How to…keep up with employment law

It can be a minefield – get employment law wrong and there is the risk of costly tribunals and hefty fines or worse. This is an area where preparation can pay dividends, protecting against disputes or HM Revenue & Customs investigations.

Employed or self-employed?

The most common mistake made in farming is whether workers are employed or self-employed, says Kate Gardner (pictured below), partner at solicitor Clarke Willmott. “Different types of workers are entitled to different employment rights, so it is important to distinguish what type of workers you have.”

Kate-Gardner,-for-BizEmployees have far greater rights, including protection against unfair dismissal, the right to redundancy pay, and to be transferred on the sale of a business. But it is important not to rely on a simple description of a worker – someone who claims to be self-employed may actually be employed in the eyes of the law.

“A worker’s status will depend on the mutuality of obligation between the parties – is there an obligation on the employer to provide work and pay for work done, and is the employee obliged to do that work?”

In determining whether a worker is self-employed or employed, how they are paid and whether they are expected to work certain hours or obliged to provide their own cover in case of holiday or sickness will also be issues.

For example, in the case of Newnham Farms Ltd v Powell, Mrs Powell worked fewer than eight hours a week in the office, and was paid £2,000 a year to reduce her husband’s tax liability.

When the couple separated, the court ruled she was actually employed, and was awarded back pay to the Agricultural Wages Board minimum, redundancy pay and unfair dismissal compensation. “It is worth getting the employment status of all your workers right from the very beginning,” says Mrs Gardner.

Casual workers

Casual and seasonal workers are rarely classed as employed because of the lack of mutual obligation. However, they are still entitled to paid holiday, the national minimum wage, maternity, paternity and adoption pay (but not leave), and may not be discriminated against.

Seasonal workers may be considered employees if what is known as an umbrella contract exists, where it is the practice that they are taken on in subsequent seasons.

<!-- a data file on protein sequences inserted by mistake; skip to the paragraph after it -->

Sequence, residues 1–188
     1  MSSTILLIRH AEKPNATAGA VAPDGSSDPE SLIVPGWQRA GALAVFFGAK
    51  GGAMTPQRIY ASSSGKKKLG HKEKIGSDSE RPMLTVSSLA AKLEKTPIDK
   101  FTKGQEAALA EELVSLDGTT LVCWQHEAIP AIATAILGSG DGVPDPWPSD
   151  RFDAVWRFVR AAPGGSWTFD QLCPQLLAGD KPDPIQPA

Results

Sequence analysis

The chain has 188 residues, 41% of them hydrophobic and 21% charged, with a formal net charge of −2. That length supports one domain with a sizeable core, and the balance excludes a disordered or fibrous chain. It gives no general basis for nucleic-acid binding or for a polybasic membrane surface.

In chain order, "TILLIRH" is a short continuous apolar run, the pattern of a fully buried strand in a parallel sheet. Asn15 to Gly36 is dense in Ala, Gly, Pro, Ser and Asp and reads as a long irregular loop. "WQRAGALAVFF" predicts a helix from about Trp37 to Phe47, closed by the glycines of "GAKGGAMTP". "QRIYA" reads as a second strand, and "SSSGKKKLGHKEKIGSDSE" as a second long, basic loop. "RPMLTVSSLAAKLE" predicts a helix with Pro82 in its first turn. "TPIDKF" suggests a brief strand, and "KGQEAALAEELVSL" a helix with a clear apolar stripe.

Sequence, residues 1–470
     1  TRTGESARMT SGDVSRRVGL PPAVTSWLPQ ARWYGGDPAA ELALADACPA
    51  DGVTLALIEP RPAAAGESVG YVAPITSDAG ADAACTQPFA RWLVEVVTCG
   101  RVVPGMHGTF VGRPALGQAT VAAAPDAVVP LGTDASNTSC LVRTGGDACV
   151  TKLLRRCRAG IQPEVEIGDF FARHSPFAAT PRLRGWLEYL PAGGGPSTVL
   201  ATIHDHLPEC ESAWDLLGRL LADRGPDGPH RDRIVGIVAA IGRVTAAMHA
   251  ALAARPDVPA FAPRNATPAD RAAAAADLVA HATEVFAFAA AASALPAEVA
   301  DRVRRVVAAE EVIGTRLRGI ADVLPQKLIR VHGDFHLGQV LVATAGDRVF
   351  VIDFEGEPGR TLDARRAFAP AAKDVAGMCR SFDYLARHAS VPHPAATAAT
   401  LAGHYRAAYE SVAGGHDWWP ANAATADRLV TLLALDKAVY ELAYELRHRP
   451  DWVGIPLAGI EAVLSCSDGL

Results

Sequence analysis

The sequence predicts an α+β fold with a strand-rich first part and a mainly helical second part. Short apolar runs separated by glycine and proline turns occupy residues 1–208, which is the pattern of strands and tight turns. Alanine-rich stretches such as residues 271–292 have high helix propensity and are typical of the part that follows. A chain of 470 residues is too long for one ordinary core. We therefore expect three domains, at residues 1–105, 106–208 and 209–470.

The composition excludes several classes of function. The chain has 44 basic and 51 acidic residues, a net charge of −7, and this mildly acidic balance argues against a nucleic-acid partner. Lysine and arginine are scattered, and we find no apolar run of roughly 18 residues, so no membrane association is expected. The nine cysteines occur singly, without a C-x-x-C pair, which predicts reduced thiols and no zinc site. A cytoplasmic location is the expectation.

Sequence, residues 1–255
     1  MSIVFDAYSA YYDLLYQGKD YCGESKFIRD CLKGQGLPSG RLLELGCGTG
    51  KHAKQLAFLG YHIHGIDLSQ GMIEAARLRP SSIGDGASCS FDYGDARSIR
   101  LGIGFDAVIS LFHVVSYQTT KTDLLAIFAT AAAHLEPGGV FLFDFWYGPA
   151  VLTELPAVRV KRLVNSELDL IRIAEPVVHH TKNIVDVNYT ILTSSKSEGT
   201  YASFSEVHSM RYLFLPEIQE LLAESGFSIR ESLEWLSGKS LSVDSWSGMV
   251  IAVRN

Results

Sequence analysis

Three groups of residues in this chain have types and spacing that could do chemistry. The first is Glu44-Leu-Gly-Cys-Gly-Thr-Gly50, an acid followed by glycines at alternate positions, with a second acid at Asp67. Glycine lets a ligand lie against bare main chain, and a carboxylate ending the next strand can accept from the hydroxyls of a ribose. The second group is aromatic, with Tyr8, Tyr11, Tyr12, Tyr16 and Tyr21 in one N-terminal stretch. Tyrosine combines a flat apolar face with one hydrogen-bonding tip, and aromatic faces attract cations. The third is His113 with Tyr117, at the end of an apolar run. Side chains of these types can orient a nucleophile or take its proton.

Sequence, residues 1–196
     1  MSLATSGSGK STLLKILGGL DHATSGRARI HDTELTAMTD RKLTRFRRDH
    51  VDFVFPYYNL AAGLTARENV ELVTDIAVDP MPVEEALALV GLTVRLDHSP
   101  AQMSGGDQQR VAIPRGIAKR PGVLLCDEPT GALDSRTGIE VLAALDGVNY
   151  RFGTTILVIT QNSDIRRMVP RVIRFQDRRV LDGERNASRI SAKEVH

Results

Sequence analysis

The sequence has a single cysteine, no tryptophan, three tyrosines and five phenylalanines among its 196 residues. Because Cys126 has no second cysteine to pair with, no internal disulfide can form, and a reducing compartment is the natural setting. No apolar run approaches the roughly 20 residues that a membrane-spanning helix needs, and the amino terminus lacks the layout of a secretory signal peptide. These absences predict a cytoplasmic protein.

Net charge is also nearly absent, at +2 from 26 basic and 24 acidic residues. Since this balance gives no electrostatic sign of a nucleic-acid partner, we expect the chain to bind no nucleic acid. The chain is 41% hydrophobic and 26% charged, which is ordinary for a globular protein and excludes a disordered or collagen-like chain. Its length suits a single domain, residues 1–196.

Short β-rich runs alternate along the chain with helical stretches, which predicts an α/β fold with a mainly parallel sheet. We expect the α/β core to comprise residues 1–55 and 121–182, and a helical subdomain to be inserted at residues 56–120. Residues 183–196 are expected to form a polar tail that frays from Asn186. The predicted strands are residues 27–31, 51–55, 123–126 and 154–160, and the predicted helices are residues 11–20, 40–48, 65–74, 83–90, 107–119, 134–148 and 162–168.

Gangmaster rules

Where workers are provided through an agency, they will fall under the Gangmasters Licensing Act, warns Clarke Willmott partner Tim Hayden. “The supply of labour in agriculture, forestry, food processing and catering, and shellfish industries is regulated. It is an offence to supply without a licence, or to enter into arrangements with an unlicensed supplier.”

Contrary to popular belief, the GLA does not just apply to foreign unskilled labour – it also covers UK nationals, any skilled, senior and single workers, including a farmer’s own labour in some cases.

“If you buy a neighbour’s crop and send your own workers to cut it, then under the gangmaster regulations you are technically required to hold a gangmaster’s licence, although I know of no cases where prosecution has been brought.”

The many exemptions from the regulations include temporary supply between farmers, family members, skilled workers if employed, and contract work where the contractor supplies their own machinery.

Where labour is provided through a gangmaster, the employer must pay the minimum wage. Fines may also be levied and serious cases can lead to imprisonment for up to 10 years. In addition to the penalties, claims can be made under the Proceeds of Crime Act in order to recover any benefit derived by farmers if workers have been underpaid. The principal claim would be against the labour provider.

“You really need to do your due diligence before taking on any agency labour – check on the GLA website that the agency has a licence before accepting a worker. And if you do find yourself in alleged breach of permit, don’t admit anything until you’ve taken professional advice, because your original explanation may be central to your case.”